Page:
Enabling the Java Profiler

The profiler is shipped within Datadog tracing libraries. If you are already using APM to collect traces for your application, you can skip installing the library and go directly to enabling the profiler.

Requirements

The Datadog Profiler requires JDK Flight Recorder. The Datadog Profiler library is supported in OpenJDK 11+, Oracle JDK 11+, OpenJDK 8 (version 1.8.0.262/8u262+) and Azul Zulu 8 (version 1.8.0.212/8u212+). It is not supported in OpenJ9 as it doesn’t support the JDK Flight Recorder.

Because non-LTS JDK versions may not contain stability and performance fixes related to the Datadog Profiler library, use versions 8, 11, and 17 of the Long Term Support JDK.

All JVM-based languages, such as Java, Scala, Groovy, Kotlin, and Clojure are supported.

Continuous Profiler is not supported on serverless platforms, such as AWS Lambda.

Installation

To begin profiling applications:

  1. If you are already using Datadog, upgrade your Agent to version 7.20.2+ or 6.20.2+. If you don’t have APM enabled to set up your application to send data to Datadog, in your Agent, set the DD_APM_ENABLED environment variable to true and listening to the port 8126/TCP.

  2. Download dd-java-agent.jar, which contains the Java Agent class files:

    wget -O dd-java-agent.jar 'https://dtdg.co/latest-java-tracer'
    

    Note: Profiler is available in the dd-java-agent.jar library in versions 0.55+.

  3. Enable the profiler by setting -Ddd.profiling.enabled flag or DD_PROFILING_ENABLED environment variable to true. Specify dd.service, dd.env, and dd.version so you can filter and group your profiles across these dimensions:

    Invoke your service:

    java \
        -javaagent:dd-java-agent.jar \
        -Ddd.service=<YOUR_SERVICE> \
        -Ddd.env=<YOUR_ENVIRONMENT> \
        -Ddd.version=<YOUR_VERSION> \
        -Ddd.profiling.enabled=true \
        -XX:FlightRecorderOptions=stackdepth=256 \
        -jar <YOUR_SERVICE>.jar <YOUR_SERVICE_FLAGS>
    
    export DD_SERVICE=<YOUR_SERVICE>
    export DD_ENV=<YOUR_ENV>
    export DD_VERSION=<YOUR_VERSION>
    export DD_PROFILING_ENABLED=true
    java \
        -javaagent:dd-java-agent.jar \
        -XX:FlightRecorderOptions=stackdepth=256 \
        -jar <YOUR_SERVICE>.jar <YOUR_SERVICE_FLAGS>
    

    Note: The -javaagent argument needs to be before -jar, adding it as a JVM option rather than an application argument. For more information, see the Oracle documentation:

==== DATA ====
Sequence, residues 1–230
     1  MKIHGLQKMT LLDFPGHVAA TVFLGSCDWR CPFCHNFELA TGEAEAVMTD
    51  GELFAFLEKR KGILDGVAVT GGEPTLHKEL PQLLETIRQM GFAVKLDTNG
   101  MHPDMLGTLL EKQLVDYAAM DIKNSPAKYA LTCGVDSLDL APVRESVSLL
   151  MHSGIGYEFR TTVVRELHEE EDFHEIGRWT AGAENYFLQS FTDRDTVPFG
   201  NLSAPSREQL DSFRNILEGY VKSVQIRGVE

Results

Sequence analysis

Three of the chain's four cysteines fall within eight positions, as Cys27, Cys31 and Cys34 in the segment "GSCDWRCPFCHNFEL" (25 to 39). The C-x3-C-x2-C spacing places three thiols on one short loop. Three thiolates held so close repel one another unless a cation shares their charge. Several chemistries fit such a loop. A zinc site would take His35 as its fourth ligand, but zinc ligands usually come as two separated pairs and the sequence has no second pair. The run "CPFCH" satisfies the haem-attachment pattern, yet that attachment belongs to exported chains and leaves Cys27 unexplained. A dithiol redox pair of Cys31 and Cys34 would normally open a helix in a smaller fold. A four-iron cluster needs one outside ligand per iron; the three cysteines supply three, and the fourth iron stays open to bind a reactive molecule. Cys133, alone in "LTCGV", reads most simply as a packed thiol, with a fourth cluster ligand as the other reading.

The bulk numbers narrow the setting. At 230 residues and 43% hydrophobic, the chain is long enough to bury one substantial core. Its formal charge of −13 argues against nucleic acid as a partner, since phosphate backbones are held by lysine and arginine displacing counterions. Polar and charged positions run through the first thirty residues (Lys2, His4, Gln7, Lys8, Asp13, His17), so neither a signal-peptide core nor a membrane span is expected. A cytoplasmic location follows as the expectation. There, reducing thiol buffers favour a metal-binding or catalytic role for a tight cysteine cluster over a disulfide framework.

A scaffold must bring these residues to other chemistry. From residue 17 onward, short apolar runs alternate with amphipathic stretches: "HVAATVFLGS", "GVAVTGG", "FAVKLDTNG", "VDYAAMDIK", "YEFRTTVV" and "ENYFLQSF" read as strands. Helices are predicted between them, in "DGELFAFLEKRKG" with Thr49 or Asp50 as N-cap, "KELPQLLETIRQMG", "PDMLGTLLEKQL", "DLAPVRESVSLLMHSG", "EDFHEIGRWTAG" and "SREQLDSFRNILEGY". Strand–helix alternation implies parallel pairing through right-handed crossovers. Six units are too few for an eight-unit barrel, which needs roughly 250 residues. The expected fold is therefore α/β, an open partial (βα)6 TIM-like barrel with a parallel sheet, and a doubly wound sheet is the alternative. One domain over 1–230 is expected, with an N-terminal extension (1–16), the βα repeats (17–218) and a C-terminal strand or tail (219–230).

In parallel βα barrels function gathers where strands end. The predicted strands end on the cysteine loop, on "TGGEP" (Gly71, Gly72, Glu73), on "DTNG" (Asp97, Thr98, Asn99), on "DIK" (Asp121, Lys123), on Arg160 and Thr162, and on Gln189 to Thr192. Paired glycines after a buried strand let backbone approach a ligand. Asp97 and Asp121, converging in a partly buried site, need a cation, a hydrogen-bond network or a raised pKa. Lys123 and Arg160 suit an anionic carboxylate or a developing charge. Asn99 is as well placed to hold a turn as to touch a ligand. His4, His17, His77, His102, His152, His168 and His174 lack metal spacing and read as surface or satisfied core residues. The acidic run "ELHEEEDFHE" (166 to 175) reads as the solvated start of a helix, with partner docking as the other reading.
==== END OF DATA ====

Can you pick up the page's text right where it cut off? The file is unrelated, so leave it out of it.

# Good:
    java -javaagent:dd-java-agent.jar ... -jar my-service.jar -more-flags
    # Bad:
    java -jar my-service.jar -javaagent:dd-java-agent.jar ...
    
  4. After a minute or two, you can visualize your profiles on the Datadog APM > Profiling page.

Enabling the allocation profiler

In dd-java-agent v0.84.0+ and Java 15 and lower, the allocation profiler is turned off by default because it can use excessive CPU in allocation-heavy applications. This isn’t common, so you may want to try it in a staging environment to see if it affects your application. To enable it, see Enabling the allocation profiler.

Configuration

You can configure the profiler using the following environment variables:

Environment variableTypeDescription
DD_PROFILING_ENABLEDBooleanAlternate for -Ddd.profiling.enabled argument. Set to true to enable profiler.
DD_PROFILING_ALLOCATION_ENABLEDBooleanAlternate for -Ddd.profiling.allocation.enabled argument. Set to true to enable the allocation profiler. It requires the profiler to be enabled already.
DD_ENVStringThe environment name, for example: production.
DD_SERVICEStringThe service name, for example, web-backend.
DD_VERSIONStringThe version of your service.
DD_TAGSStringTags to apply to an uploaded profile. Must be a list of <key>:<value> separated by commas such as: layer:api, team:intake.

Not sure what to do next?

The Getting Started with Profiler guide takes a sample service with a performance problem and shows you how to use Continuous Profiler to understand and fix the problem.

Further Reading